Today’s ever-present availability of information on the go keeps most of us on our toes and plugged in at all times. It will be no different for you as you move through your surrogacy journey. While social media sites like Facebook, Twitter, and Instagram can bring family and friends closer together, there are considerations you should make as it relates to your surrogacy before going “Facebook Official.”
As an intended parent, you’ll need to consider social media and your surrogacy on two levels. First you will want to give dedicated thought to what you’re comfortable sharing with your network, and then you’ll also want to consider what you’re comfortable with your surrogate sharing with her networks.
One thing we all know is that once it’s on the Internet, it never really goes away. Cached webpages, Facebook sharing of posts and screen shots are all things than can make a deleted comment impossible to ever really go away.
Before sharing belly photos sent to you by your surrogate, or other photos of your surrogate, you may want to be clear on her comfort level with her images, symptoms, silly stories, or other personal information being shared. While most surrogates are more than happy to have these images and notes shared, it is important to be clear on her boundaries.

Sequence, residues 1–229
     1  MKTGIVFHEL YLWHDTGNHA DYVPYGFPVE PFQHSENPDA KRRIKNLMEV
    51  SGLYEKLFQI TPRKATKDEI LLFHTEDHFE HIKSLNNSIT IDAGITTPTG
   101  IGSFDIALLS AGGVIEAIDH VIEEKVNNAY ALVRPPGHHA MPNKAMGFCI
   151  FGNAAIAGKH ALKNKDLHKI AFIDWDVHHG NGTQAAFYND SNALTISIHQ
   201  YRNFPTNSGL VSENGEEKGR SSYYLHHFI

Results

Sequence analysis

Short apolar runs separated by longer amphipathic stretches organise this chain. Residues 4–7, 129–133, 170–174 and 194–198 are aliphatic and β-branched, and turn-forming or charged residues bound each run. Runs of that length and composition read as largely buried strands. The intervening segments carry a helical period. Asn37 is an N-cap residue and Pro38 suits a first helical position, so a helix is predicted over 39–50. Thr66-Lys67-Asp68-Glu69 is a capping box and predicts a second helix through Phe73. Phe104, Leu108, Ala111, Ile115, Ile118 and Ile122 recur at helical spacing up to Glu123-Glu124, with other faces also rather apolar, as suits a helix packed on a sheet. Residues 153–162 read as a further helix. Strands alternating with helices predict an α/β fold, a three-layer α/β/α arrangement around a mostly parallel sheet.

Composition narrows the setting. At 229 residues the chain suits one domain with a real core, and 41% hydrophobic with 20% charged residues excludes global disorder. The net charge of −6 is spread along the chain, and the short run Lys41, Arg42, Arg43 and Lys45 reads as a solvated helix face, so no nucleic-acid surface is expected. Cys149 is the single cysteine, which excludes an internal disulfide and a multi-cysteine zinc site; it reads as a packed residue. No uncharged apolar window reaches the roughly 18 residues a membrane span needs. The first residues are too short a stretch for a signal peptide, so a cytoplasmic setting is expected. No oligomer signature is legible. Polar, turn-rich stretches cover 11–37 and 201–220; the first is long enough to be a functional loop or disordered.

Additionally, your surrogate may want to share photos of her with you, or belly photos within her own network. It’s important to consider what of your personal information you’re comfortable with sharing. Perhaps you’re OK with images being shared with friends and family, but not with her entire social network. All levels of comfort are acceptable, they just need to be honestly and clearly expressed.
Not only do you need to give careful consideration to any privacy requests you should also consider how the surrogate would feel reading your posts. Even if you’re not Facebook friends, it is entirely possible for posts to circulate and find unsuspecting eyes. Surrogacy is incredibly intimate and personal. If you wouldn’t say something to the other party in person, it is best left unsaid in a public forum.
Perhaps the best bit of advice to bear in mind is, “When in doubt, ask first.” If you plan to blog or Facebook post about your journey, plan to make that a point of discussion during your matching process. Later in your journey these questions can always be directed to your case specialist.